Sunday, June 26, 2011

Instant Sensation: Nico Muhly's "Two Boys"

The world of opera is always looking for the next great piece that will squeeze its way into the standard repertory. The Met premiered John Corigliano's masterpiece twenty years ago and perhaps only a few operas have enjoyed such instant acclaim in the last two decades. Some that come to mind are Henze's "L'Upupa," Brett Dean's "Bliss," Mark Adamo's "Little Women," Birdwhistle's "The Minotaur," Saariaho's "L'amour de Loin," Ricky Ian Gordon's "The Grapes of Wrath," Heggie's "Dead Man Walking" and "Moby Dick," Philip Glass' "Hydrogen Jukebox" and "Appomattox" and John Adam's "Doctor Atomic."

Those have been outnumbered by some memorable flops led by Howard Shore's "The Fly" and Michael Daugherty's "Jackie O." So we were overjoyed with the critical acclaim that has greated American composer Nico Multy's "Two Boys" at the English National Opera. There is nothing that we could possibly add to Norman Lebrecht's spot-on review in The Telegraph, which you can read in its entirety HERE. Lebrecht's article is a "must read" for a number of reasons, including his views about what opera needs to do to succeed and, in particular, appeal to young people.

Jonathan McGovern: Jake in Two Boys
The story of "Two Boys" begins when a teenage boy is stabbed. An older boy is caught on CCTV leaving the scene. An open-and-shut case, it would seem. But, as Detective Inspector Anne Strawson investigates the older boy's story, she uncovers a bizarre nexus of chatroom meetings, mysterious internet identities, supposed spy rings and disturbing cybersex, leading to a stunning conclusion.

Critic William Robin said the opera deserves its place on the Metropolitan Opera's 2013-14 schedule. He perfectly described the music in her review:

Muhly composed several tender, brief, solo arias for the principal characters, and engaging dialogues both online and off. Though his music suggests the throbbing postminimalism of John Adams, his most clear influences come from this side of the pond — the English choral tradition of Herbert Howells (evoked in a somewhat out-of-place church scene) and the operas of Britten. “Two Boys” teems with references to Britten, from the pealing gamelan-style gongs of “Death in Venice” to the finale, an ornate passacaglia straight out of “A Midsummer Night’s Dream.”

The baritone role in the opera is sung by Jonthan McGovern who is new to this site.  He was the winner of the 2nd Prize at the 2011 Kathleen Ferrier Awards and graduated with a first-class honours degree in Music from King’s College London. He completed a PGD in Vocal Studies at the Royal Academy of Music and continued his studies with Royal Academy Opera. He was winner of the gold medal and 1st Prize at the Royal Over-Seas League Annual Music Competition 2010.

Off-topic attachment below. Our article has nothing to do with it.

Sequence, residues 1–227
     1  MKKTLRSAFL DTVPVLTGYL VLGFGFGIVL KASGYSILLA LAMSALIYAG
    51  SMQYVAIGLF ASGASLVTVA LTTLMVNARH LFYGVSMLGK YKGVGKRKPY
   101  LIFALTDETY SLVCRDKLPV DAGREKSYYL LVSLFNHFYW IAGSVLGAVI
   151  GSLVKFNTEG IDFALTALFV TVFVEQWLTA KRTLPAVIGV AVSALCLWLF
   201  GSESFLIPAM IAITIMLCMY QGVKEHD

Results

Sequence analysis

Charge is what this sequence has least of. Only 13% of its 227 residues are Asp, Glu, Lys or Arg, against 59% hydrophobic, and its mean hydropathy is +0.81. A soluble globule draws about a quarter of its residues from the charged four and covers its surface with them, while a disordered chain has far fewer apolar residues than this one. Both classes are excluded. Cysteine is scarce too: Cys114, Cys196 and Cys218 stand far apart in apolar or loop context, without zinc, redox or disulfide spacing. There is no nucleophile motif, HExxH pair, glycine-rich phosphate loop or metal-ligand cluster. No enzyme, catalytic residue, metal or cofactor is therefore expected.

Recent operatic roles include Wu Tianshi and Pokayne in the première of Sir Peter Maxwell Davies’ opera Kommilitonen!; Shane Postcards from Dumbworld at Belfast Grand Opera Hosue; Delfa in Cavalli’s Il Giasone; Sid with Royal Academy Opera in John Copley’s first Albert Herring; Fiorello and Figaro cover Barber of Seville on tour with Armonico Consort Opera and Don Parmenione L’Occasione fa il ladro for RAO.

In September McGovern will join the Britten-Pears Young Artist Programme to reprise the role of Sid for the Britten Festival in a new production conducted by Steuart Bedford and directed by Oliver Mears.

Click HERE for ticket and performance information.


  1. OMG! The number of factual errors in this post verges on the absurd:

    1. To suggest that the you are "overjoyed with the critical acclaim" is absurd as the overwhelming reviews & opinions of this piece have been extremely negative. 2. The Telegraph article you link to is not a review and was written by NORMAN Lebrecht, not NICHOLAS. 3. The ACTUAL Telegraph review by RUPERT CHRISTIANSEN called it "a bit of a bore". 4. The review credited to Anne Midget was actually written by William Robin.

    If you spent more time checking you sources and less time salivating over "barihunks" we might take you and your opinions a little more seriously. Thanks for your highly entertaining and absurdly biased reporting!

  2. I love Anonymous posts. How much do you want to bet that he/she is in the business and a jealous colleague? I saw the show and loved it. I appreciate Barihunks promoting new works.

  3. UK Kate. I agree with you about the bitter colleague. What Multy had done to attract young people to opera is amazing. One of the videos has over 1 million hits. I don't see that ANYWHERE else in classical music or opera. Let the bitter old farts rot.

  4. RE: Anonymous. What a bitch! I don't know about others, but I visit Barihunks to do just what he mocks - "salivate."

    Keep up the good work. I haven't seen Two Boys, but I love all the singers you bring us. Keep it up.

  5. Amersham: How about this:
    or this:

    the ENO video with 1 million hits didn't mention Two Boys once, let alone Opera in general.